(This story has been updated with comments from the director of Flint Records.)
Flint, Michigan — One in four Flint residents met the criteria for PTSD and one in five experienced clinical depression five years after the onset of the Flint water crisis, according to a new study published Tuesday, September 20.
Researchers from Duke University, the Medical University of South Carolina, and Boston University announced their findings JAMA network is openand concluded that there is a significant unmet need for mental health services here and this need is unlikely to be dissipated without a comprehensive response from local, state and federal government agencies.
The study is based on a survey of 1,970 adults who lived in Flint during the water crisis, which erupted in April 2014 after the city’s water source was changed to the Flint River. Improperly treated river water was corrosive to driving water transmission and household plumbing pipes, resulting in high levels of lead as well as chlorination products and bacteria in city waters.
Population surveyed from August 2019 through April 2020, the study says, and Duke University reports that rates of depression and PTSD identified in Flint were three to five times greater than national estimates among all adults — likely a result of both rates. The top core mental health problems are here in addition to a significant increase in problems associated with water emergencies.
The Mayo Clinic defines PTSD as a mental health condition that results from experiencing or witnessing a terrifying event with symptoms including flashbacks, nightmares, intense anxiety, and uncontrollable thoughts about the event.
“This crisis, with its rapid onset and long duration, potential for exposure of individuals and family members to toxic substances, and misinformation from trusted officials, represents a traumatic event that can trigger or exacerbate mental disorders, particularly depression and … PTSD, which It may have long-term consequences for the mental health of the community,” the study says.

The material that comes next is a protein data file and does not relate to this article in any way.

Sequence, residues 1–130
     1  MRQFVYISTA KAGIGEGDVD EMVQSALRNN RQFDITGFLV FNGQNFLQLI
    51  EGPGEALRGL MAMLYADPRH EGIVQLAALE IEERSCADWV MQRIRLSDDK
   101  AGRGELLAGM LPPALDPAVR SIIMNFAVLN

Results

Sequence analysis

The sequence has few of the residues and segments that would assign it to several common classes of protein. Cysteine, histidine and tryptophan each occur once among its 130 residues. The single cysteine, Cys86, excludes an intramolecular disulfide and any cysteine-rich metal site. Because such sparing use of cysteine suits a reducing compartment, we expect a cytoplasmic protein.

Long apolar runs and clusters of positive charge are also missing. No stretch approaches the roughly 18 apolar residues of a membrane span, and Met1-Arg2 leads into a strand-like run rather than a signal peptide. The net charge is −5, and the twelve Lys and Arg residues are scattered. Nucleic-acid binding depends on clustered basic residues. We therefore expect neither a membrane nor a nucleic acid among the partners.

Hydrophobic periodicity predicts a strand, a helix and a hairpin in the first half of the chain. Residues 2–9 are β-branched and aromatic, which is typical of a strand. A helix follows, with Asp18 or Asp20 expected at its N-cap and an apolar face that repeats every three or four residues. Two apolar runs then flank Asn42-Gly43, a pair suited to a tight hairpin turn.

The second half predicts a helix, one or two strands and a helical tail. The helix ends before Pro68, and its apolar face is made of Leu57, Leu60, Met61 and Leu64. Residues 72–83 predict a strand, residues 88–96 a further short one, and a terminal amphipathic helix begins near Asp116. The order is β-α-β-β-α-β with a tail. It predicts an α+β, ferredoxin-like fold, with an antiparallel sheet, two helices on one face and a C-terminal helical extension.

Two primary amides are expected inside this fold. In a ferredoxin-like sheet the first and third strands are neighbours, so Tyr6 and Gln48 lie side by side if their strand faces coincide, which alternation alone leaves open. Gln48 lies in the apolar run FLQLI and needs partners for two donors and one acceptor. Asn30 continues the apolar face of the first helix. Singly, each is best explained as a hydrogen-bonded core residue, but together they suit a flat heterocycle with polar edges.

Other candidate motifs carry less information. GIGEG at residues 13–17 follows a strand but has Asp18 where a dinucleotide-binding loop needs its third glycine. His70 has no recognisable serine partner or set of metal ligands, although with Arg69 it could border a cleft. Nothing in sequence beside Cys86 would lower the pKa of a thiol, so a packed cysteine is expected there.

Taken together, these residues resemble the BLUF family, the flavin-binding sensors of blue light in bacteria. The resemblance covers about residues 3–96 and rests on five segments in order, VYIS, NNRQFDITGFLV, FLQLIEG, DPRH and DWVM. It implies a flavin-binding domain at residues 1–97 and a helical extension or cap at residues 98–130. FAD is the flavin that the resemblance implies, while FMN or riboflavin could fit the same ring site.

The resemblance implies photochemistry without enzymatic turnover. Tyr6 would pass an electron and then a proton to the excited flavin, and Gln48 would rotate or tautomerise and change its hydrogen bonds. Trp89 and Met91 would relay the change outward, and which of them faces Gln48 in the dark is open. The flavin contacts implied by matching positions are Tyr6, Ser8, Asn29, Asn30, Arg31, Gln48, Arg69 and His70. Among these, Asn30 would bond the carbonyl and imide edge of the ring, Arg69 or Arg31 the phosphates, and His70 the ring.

Nearly 97.8 percent of survey respondents said they experienced feelings ranging from anxiety and sadness to fear and anger in response to Flint’s water problems, and 41 percent reported mental or emotional problems related to their concerns about water pollution.
The study isn’t the first time mental health concerns have been acknowledged as part of the fallout from the water crisis, but the researchers said their work represents the largest mental health survey of Flint residents since the crisis.
In 2016, the Centers for Disease Control and Prevention conducted a Public Health Assessment in Flint To assess the behavioral and physical health concerns of adults and children as well as their access to behavioral health services.
That report said 66 percent of families reported that one or more adult members had at least one behavioral health problem “more than usual,” and 54 percent of families reported that at least one child had at least one behavioral health problem “more than usual.” ususally”.
Nearly one in five families reported difficulties accessing behavioral health services in the CDC assessment.
The new study notes that only 34.8 percent of survey respondents said they had accessed mental health services to help with mental symptoms associated with the water crisis, and it says nearly 80 percent of those offered services used those services.
A spokeswoman for Genesee Health System said Wednesday, September 21, that the new study matches the agency’s anecdotal and internal trends.
Renee Keswick, director of communications and public relations at GHS, said in an email to MLive-The Flint Journal. “Most of the impact of the water crisis has resulted in the need for non-reimbursable Medicaid services.
“With the passing of this number, we have begun to develop the program with additional services such as the Urgent Behavioral Health Care Center to provide crisis and after-hours services. We will continue to work with the community to address these issues, providing high-quality and accessible services,” Keswick said.
Nicole Jones, director of the Flint Register, said the group “also sees concerns about the mental health of adults and children” related to the water crisis.
“In the first five years, the Flint Registry registered more than 20,000 individuals and made more than 30,000 referrals to health services. Referrals to adult mental health services, child mental health services, and behavioral health services are some of the most important needs that We identified and processed.
The statement continued, “The findings presented… together with the work of the Flint Registry indicate the need to support and build capacity for mental health services in our community.” “This study and our work also highlights the importance of long-term follow-up and support for those affected by the Flint water crisis to mitigate the impact of trauma.”
If individuals require mental health services, urgent behavioral health care is available from GHS around the clock by calling 810-496-5500. For all other questions, the agency can be contacted at 810-257-3705.
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